Few organisations are highly confident in their ability to manage the risk of a cyber attack, despite viewing cybersecurity as a top risk management priority, according to results of a recent global survey on cyber risk perception conducted by Marsh and Microsoft Corp.
In the survey of more than 1,300 senior executives, two-thirds (62%) ranked cybersecurity among their organisations’ top five risk management priorities – approximately double the response to a similar question Marsh asked in a 2016 survey. Those respondents whose organizations had been successfully attacked were slightly more likely to prioritize cyber risk than those who had not.
The By the Numbers: Global Cyber Risk Perception Survey also found that a vast majority – 75% – identified business interruption as the cyber loss scenario with the greatest potential to impact their organisation. This compares to 55% who cited breach of customer information, which has historically been the focus for organisations but came in third. Reputational damage was second at 59%.
Few well prepared for cyber events
Despite this growing awareness and rising concern, only 19% of respondents said they are highly confident in their organisation’s ability to mitigate and respond to a cyber event. Moreover, only 30% said they have developed a plan to respond to cyber attacks.
“Cyber risk is an escalating management priority as the use of technology in business increases and the threat environment gets more complex,” said Mr John Drzik, president Global Risk and Digital, Marsh. “It’s time for organisations to adopt a more comprehensive approach to cyber resilience, which engages the full executive team and spans risk prevention, response, mitigation and transfer.”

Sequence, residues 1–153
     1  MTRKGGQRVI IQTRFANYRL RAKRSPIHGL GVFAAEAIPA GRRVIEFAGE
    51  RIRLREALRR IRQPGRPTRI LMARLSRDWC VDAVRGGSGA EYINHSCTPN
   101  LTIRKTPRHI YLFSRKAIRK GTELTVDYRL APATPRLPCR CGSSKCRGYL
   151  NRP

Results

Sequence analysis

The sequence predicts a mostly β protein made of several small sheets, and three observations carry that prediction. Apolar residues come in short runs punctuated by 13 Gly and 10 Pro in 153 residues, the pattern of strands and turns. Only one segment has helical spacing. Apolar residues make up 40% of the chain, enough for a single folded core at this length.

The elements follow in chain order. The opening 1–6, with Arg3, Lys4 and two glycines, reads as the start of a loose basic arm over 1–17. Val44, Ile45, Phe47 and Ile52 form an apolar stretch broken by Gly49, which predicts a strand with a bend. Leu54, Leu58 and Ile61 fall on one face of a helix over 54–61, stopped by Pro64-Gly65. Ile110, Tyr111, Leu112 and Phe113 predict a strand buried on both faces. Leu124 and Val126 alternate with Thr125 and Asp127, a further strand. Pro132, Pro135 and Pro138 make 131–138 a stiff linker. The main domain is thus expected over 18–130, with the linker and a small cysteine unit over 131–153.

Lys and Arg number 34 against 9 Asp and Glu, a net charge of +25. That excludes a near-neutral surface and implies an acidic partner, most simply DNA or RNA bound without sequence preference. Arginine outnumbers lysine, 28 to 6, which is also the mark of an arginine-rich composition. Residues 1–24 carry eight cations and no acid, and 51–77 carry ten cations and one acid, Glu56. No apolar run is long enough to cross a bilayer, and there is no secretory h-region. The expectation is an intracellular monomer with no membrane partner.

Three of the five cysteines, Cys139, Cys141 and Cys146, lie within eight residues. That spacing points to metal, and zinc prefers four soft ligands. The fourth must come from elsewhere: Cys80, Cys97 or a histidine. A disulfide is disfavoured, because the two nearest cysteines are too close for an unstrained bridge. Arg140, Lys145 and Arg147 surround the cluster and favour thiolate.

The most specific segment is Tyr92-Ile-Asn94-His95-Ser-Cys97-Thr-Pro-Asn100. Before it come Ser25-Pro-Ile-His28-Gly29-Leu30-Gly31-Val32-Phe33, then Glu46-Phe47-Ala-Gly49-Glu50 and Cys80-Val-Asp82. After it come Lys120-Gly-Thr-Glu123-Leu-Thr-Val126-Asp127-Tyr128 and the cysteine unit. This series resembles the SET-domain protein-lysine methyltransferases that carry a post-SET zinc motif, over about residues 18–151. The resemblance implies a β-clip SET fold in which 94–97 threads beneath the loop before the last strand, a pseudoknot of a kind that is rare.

Risk quantification important in cyber insurance purchase
An important step toward this goal is risk quantification. According to the survey, fewer than 50% of respondents said their organisation estimates financial losses from a potential cyber event and, of those that do, only 11% make their estimates in economic terms. Such calculations are a key step in helping boards and others develop strategic plans and investment decisions, including those related to cyber insurance purchase, the report notes.
At the same time, responsibility for cyber risk management continues to lie primarily with the information technology (IT) department, with inconsistent involvement of other stakeholders across the enterprise. 70% of respondents pointed to IT as a primary owner and decision-maker for cyber risk management, compared to just 37% who cited the president/CEO or the board of directors, and 32% who cited the risk management function.
Comprehensive approach needed
“While technology is the foundation of any good cybersecurity strategy, companies can benefit from investing in non-technology solutions like risk management as part of a holistic approach,” said Mr Matt Penarczyk, vice president and deputy general counsel, Microsoft. “Through advanced technology, tools and training, for example, companies can better protect the data in their networks and be ready for the business interruptions and reputational risks associated with cyberattacks.”
The report is based on findings from the Marsh-Microsoft Global Cyber Risk Perception Survey administered between July 2017 and August 2017. 1,312 senior executives participated in it. They represented a range of key functions, including information technology, risk management, finance, legal/ compliance, senior management, and boards of directors. 36% of respondents were from Asia.
The survey report can be downloaded here.